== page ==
The Document Object Model (DOM) is an application programming interface (API) for HTML and XML documents. It defines the logical structure of documents and the way a document is accessed and manipulated. In the DOM specification, the term “document” is used in the broad sense — increasingly
With the Document Object Model, programmers can build documents, navigate their structure, and add, modify, or delete elements and content. Anything found in an HTML or XML document can be accessed, changed, deleted, or added using the Document Object Model, with a few exceptions — in particular, the DOM interfaces for the XML internal and external subsets have not yet been specified.
What the Document Object Model is
The DOM is a programming API for documents. It closely resembles the structure of the documents it models. For instance, consider this example
To start learning about DOM manipulation, let’s begin with a practical example.
Add a element just above the closing
To manipulate an element inside the DOM, you first need to select it and store a reference to it inside a variable. Inside your script element, add the following line:
var link = document.querySelector('a');
Now we have the element reference stored in a variable, we can start to manipulate it using properties and methods available to it (these are defined on interfaces like HTMLAnchorElement in the case of element, its more general parent interface HTMLElement, and Node — which represents all nodes in a DOM). First of all, let's change the text inside the link by updating the value of the Node.textContentproperty. Add the following line below the previous one:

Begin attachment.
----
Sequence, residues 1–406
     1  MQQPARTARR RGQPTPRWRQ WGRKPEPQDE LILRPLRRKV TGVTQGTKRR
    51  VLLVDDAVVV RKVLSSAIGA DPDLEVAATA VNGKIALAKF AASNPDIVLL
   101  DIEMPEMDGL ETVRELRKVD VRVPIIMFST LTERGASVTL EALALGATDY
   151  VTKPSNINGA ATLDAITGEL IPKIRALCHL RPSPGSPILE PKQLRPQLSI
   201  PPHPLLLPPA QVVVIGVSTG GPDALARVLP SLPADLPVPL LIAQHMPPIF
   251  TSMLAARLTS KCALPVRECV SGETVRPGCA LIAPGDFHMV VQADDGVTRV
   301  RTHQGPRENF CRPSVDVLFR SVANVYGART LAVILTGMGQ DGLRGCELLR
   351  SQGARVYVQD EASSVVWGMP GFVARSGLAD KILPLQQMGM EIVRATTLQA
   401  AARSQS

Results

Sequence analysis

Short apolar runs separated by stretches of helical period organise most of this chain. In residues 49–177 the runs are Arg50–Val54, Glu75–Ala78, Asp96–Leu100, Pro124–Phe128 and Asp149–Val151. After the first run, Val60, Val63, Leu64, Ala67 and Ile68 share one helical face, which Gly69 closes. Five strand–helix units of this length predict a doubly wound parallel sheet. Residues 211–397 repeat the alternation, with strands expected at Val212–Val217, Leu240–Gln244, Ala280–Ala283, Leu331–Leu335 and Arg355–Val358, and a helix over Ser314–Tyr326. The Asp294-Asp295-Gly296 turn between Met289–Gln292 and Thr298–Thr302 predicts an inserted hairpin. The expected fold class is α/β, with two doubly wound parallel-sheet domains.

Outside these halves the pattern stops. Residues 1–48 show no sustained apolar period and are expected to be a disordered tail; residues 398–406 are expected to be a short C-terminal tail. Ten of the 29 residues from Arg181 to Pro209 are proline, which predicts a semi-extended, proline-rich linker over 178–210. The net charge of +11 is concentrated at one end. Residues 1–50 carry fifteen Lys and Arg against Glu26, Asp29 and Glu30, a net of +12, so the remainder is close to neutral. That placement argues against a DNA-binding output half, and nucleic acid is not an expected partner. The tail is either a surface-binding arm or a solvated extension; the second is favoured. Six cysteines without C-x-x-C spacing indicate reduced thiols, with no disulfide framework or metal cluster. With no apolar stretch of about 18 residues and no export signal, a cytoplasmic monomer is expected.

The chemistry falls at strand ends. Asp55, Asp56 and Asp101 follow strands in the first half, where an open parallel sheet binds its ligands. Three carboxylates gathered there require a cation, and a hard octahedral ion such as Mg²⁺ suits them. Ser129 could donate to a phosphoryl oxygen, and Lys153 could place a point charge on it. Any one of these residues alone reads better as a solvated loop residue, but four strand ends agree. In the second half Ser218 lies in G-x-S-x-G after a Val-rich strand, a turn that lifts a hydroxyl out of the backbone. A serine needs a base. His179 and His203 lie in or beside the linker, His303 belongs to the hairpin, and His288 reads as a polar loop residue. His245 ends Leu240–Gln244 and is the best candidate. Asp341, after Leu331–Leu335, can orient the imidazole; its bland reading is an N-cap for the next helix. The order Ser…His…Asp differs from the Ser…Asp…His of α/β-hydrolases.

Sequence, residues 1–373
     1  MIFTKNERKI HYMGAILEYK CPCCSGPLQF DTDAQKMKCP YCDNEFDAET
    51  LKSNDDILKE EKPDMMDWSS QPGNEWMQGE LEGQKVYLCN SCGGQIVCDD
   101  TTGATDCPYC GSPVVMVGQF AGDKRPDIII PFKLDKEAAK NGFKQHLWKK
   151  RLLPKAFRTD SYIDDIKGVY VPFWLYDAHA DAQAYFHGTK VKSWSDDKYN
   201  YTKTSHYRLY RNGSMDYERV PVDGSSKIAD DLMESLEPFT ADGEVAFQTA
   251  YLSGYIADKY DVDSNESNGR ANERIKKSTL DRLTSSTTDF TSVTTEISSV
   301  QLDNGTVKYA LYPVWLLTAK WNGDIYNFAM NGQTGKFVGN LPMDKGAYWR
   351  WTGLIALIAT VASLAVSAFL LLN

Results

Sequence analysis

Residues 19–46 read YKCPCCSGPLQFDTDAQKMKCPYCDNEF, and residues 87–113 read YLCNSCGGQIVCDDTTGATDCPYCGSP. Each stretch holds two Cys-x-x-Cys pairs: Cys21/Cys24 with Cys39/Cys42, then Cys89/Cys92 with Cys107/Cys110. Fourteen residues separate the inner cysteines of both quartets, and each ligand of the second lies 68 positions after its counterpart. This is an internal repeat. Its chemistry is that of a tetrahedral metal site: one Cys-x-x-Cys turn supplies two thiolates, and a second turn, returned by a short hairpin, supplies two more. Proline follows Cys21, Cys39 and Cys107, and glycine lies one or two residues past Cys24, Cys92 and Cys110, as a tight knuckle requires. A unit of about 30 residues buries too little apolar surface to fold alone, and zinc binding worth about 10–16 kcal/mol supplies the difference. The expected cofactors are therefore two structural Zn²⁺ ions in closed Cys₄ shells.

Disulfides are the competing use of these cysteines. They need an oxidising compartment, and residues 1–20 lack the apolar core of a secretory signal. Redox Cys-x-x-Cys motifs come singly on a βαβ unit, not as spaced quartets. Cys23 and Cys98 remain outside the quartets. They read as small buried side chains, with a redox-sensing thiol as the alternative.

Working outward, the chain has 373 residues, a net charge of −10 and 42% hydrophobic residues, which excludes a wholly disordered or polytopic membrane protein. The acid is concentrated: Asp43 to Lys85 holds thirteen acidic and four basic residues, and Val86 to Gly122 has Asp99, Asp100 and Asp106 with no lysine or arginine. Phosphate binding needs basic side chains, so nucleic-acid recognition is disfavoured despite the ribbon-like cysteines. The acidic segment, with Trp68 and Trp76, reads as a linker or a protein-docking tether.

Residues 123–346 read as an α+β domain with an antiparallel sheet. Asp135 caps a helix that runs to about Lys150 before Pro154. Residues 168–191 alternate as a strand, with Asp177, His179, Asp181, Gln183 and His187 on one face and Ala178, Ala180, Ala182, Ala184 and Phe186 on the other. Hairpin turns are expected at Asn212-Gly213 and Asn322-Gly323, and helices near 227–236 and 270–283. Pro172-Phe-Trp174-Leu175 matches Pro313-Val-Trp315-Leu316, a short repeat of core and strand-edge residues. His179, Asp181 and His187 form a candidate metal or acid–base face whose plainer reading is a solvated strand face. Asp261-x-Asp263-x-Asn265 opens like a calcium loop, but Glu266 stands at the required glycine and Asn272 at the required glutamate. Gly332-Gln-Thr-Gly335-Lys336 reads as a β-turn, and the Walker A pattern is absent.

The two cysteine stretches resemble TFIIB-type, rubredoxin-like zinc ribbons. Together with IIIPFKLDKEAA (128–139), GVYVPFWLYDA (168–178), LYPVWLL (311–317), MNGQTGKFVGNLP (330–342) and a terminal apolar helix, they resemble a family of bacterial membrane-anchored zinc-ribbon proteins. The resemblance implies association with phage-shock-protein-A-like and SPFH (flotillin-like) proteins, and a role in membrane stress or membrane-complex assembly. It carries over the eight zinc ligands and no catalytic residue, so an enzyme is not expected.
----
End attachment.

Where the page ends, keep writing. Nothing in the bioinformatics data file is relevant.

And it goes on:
We should also change the URL the link is pointing to so that it doesn’t go to the wrong place when it is clicked on. Add the following line, again at the bottom:
There are older methods available for grabbing element references, such as:
Finally for this part, let’s add a text node to the paragraph the link sits inside, to round off the sentence nicely. First we will create the text node using Document.createTextNode():
var text = document.createTextNode(' — the premier source for web development knowledge.');
Now we’ll grab a reference to the paragraph the link is inside, and append the text node to it:
var linkPara = document.querySelector('p'); linkPara.appendChild(text);
That’s most of what you need for adding nodes to the DOM — you’ll make a lot of use of these methods when building dynamic interfaces (we’ll look at some examples later).
Moving and removing elements section
There may be times when you want to move nodes or delete them from the DOM altogether. This is perfectly possible.
If we wanted to move the paragraph with the link inside it to the bottom of the section, we could simply do this:
This moves the paragraph down to the bottom of the section. You might have thought it would make a second copy of it, but this is not the case — linkPara is a reference to the one and only copy of that paragraph. If you wanted to make a copy and add that as well, you'd need to use Node.cloneNode() instead.